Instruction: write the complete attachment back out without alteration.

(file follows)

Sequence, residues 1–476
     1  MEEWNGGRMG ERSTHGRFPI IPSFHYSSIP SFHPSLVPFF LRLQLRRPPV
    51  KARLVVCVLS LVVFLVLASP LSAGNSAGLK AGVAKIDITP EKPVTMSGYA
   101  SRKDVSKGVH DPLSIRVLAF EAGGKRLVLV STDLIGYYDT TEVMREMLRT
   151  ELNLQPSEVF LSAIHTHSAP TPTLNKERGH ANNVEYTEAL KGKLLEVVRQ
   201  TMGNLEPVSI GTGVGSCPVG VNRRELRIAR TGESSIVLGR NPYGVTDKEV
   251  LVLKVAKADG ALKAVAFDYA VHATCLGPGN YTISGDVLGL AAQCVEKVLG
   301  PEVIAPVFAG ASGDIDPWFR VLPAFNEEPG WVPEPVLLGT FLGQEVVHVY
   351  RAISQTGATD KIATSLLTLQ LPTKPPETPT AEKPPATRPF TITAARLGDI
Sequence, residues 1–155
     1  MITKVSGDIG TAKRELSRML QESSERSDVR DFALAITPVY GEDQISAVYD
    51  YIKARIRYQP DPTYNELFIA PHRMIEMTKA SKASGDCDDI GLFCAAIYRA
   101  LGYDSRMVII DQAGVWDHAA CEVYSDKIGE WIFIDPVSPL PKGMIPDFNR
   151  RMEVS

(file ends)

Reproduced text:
Sequence, residues 1–476
     1  MEEWNGGRMG ERSTHGRFPI IPSFHYSSIP SFHPSLVPFF LRLQLRRPPV
    51  KARLVVCVLS LVVFLVLASP LSAGNSAGLK AGVAKIDITP EKPVTMSGYA
   101  SRKDVSKGVH DPLSIRVLAF EAGGKRLVLV STDLIGYYDT TEVMREMLRT
   151  ELNLQPSEVF LSAIHTHSAP TPTLNKERGH ANNVEYTEAL KGKLLEVVRQ
   201  TMGNLEPVSI GTGVGSCPVG VNRRELRIAR TGESSIVLGR NPYGVTDKEV
   251  LVLKVAKADG ALKAVAFDYA VHATCLGPGN YTISGDVLGL AAQCVEKVLG
   301  PEVIAPVFAG ASGDIDPWFR VLPAFNEEPG WVPEPVLLGT FLGQEVVHVY
   351  RAISQTGATD KIATSLLTLQ LPTKPPETPT AEKPPATRPF TITAARLGDI
Sequence, residues 1–155
     1  MITKVSGDIG TAKRELSRML QESSERSDVR DFALAITPVY GEDQISAVYD
    51  YIKARIRYQP DPTYNELFIA PHRMIEMTKA SKASGDCDDI GLFCAAIYRA
   101  LGYDSRMVII DQAGVWDHAA CEVYSDKIGE WIFIDPVSPL PKGMIPDFNR
   151  RMEVS